1/10/2009

a couple of nomads Part 1-Dublin Blue

Frazzled and petrified.
Fatigued and weary.
Excited and ambitious.

The previous days, hours, minutes, and moments consisted of connecting with friends while sipping Shiraz in amongst the final packaging of all our possessions while being sufficiently blessed by the hospitality and generosity of others while riding waves of fear and expectation that had rolled themselves nicely into a big ball of emotion.

Like many big events, the day anticipated for so long arrived all too quickly, and somewhat out of the blue, and suddenly

I felt unprepared.

Passports, visas, boarding passes, travel insurance. Everything was there except for a pint of confidence.

My 15 kilo bag looked up at me from the luggage ramp and I looked at it. We're in it for the long haul. Arden heaved his pack onto his back and shot me a corner-of-the-mouth grin.

I am so glad you are here.

Besides a near loss of our dear camera our flight to Dublin was uneventful. I cracked open my newly purchased moleskin journal, wrote a little ways, and slept.



A Dublin morning peered at us misty and mysterious through the airplane cabin's windows. Here goes nothing. Here goes everything.

Through the first steps that we ventured out into the great big new city, I was thankful for a confident leader to follow and a hand to hold. He knew where to disembark the bus and the hypothetical directions to the hypothetical hostel proved to be valid. Our first success!

In the days following I initially fretted inwardly (wound-up, flustered, and worrisome) at the new scope of things, but then settled into the rhythm of backpacking and exploring. Instead of mapping out our daily excursions to the nines we would rustle up a tourist guide/map of sorts, choose a couple things that peaked our fancy and then just go. This was all generally done no earlier then 10am and most often within a newly discovered cafe. At first it was an adjustment to feel comfortable within time that had no schedule and places that had no familiarity. We would walk and walk and walk--try some local fare--walk and walk and walk--take the time to take a turn through the city's gardens--walk and walk and walk--and explore local museums and read up on national history and art. It was wonderfully low-key yet overwhelmingly new.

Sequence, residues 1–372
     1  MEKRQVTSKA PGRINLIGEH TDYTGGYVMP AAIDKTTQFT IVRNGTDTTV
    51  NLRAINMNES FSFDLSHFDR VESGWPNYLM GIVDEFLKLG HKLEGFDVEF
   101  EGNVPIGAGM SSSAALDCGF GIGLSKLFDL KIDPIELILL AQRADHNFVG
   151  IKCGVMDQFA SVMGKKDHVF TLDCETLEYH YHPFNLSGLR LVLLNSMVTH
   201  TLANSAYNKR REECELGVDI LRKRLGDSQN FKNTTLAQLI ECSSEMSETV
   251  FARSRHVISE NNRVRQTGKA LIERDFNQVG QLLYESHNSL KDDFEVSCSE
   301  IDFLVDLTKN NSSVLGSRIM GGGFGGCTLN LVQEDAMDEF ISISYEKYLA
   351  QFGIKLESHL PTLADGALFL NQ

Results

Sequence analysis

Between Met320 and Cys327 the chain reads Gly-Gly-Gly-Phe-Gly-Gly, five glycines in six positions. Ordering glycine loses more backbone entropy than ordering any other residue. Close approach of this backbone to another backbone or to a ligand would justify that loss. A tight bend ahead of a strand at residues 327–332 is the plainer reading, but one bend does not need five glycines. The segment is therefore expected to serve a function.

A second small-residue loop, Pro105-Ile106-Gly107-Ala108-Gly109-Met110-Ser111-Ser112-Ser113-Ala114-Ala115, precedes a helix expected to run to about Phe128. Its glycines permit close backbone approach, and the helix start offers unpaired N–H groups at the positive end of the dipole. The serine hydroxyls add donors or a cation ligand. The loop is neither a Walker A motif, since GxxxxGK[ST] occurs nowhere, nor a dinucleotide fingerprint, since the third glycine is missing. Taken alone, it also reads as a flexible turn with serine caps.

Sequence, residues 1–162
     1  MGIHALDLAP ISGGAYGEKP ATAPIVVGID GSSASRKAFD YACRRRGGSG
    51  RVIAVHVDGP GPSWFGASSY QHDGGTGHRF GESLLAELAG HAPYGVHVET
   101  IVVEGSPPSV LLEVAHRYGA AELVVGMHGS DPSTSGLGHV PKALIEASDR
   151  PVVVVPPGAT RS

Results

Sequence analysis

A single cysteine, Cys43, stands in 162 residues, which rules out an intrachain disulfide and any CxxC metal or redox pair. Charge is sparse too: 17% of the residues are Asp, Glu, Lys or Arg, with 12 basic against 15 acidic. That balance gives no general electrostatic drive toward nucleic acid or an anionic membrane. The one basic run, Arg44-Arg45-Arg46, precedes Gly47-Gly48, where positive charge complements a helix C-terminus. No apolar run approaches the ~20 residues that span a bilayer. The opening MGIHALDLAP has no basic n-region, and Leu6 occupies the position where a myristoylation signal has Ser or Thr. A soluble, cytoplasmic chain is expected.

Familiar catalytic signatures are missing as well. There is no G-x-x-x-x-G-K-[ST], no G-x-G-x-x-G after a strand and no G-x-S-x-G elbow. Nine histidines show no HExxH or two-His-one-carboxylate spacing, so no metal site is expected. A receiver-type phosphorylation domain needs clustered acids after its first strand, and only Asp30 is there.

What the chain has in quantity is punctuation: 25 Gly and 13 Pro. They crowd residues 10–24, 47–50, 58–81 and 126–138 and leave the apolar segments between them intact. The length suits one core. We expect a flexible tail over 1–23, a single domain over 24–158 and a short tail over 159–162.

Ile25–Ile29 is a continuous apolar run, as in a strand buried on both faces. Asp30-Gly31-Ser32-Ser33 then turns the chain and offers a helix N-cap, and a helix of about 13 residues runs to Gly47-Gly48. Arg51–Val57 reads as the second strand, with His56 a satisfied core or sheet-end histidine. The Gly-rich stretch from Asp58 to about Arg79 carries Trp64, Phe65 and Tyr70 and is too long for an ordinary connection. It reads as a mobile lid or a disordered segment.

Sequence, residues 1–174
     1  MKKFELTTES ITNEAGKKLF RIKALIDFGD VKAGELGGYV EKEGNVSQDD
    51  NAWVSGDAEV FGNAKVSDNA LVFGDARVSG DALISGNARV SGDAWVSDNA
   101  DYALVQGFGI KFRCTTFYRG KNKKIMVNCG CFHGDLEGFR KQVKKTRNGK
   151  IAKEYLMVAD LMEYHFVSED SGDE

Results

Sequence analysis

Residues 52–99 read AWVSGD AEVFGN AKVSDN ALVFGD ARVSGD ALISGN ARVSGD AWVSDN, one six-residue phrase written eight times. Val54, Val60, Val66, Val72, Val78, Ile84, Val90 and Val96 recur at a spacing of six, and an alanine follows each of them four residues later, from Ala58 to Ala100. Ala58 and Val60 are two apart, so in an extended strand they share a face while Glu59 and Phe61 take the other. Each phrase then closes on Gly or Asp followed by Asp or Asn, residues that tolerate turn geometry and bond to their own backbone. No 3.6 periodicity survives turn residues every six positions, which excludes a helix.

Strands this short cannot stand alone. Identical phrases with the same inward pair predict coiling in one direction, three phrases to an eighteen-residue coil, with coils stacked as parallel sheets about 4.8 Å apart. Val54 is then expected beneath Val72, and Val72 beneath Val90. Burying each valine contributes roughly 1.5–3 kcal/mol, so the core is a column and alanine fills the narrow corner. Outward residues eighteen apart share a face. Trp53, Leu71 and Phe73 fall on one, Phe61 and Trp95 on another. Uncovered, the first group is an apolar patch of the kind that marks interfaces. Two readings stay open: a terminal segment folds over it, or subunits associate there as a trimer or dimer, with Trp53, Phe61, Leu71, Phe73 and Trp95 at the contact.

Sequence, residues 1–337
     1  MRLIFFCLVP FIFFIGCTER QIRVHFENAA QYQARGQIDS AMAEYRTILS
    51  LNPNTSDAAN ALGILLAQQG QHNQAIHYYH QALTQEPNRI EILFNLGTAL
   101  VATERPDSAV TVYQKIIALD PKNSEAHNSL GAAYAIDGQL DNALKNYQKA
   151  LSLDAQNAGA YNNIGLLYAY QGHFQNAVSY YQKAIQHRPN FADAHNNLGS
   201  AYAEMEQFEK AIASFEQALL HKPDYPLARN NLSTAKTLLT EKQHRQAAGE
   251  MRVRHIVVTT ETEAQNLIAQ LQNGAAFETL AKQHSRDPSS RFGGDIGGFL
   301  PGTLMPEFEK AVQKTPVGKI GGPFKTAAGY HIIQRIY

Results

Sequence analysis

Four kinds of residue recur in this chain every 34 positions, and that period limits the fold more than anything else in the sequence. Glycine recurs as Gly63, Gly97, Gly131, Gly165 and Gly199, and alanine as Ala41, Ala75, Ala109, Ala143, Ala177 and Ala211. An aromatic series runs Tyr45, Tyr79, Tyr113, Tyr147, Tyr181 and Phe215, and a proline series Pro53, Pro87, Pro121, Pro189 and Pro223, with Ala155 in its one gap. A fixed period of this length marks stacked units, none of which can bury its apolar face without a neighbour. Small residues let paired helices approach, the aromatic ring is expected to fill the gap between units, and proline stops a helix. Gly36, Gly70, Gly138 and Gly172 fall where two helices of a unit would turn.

At first glance Dublin was all I expected it to be. Cobblestone, green, misty, standard fish and chips shops on every corner (pubs on every other), and elaborate architecture that rang with history. I immediately fell in love with the self-proclaimed "Dublin Doors" and the colorful archways to local homes.



Our prime stops along the way were...

The Original Guinness Storehouse
The National Museum of Ireland
The National Art Gallery of Ireland
St. Patrick's Cathedral
The James Joyce Centre

...And a general meandering into local pubs for a legit fish and chips, lamb stew, and pint of Irish brew.


St. Patrick's Cathedral

Dublin, you were a safe place for me to find my travel legs and an ounce of bravery. It is where I tried adventure on for size and found that it fit nicely.

1 comment:

Theresa said...

Beautiful post lady!!